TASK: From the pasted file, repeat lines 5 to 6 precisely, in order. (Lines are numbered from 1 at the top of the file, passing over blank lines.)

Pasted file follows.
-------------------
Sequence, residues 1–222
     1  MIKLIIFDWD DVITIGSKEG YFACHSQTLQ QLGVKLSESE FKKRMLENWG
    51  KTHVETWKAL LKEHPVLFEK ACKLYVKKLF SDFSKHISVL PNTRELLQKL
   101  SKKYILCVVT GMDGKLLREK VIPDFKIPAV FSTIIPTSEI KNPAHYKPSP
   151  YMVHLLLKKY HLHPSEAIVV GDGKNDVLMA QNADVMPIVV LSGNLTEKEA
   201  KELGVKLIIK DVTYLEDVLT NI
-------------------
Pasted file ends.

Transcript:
   151  YMVHLLLKKY HLHPSEAIVV GDGKNDVLMA QNADVMPIVV LSGNLTEKEA
   201  KELGVKLIIK DVTYLEDVLT NI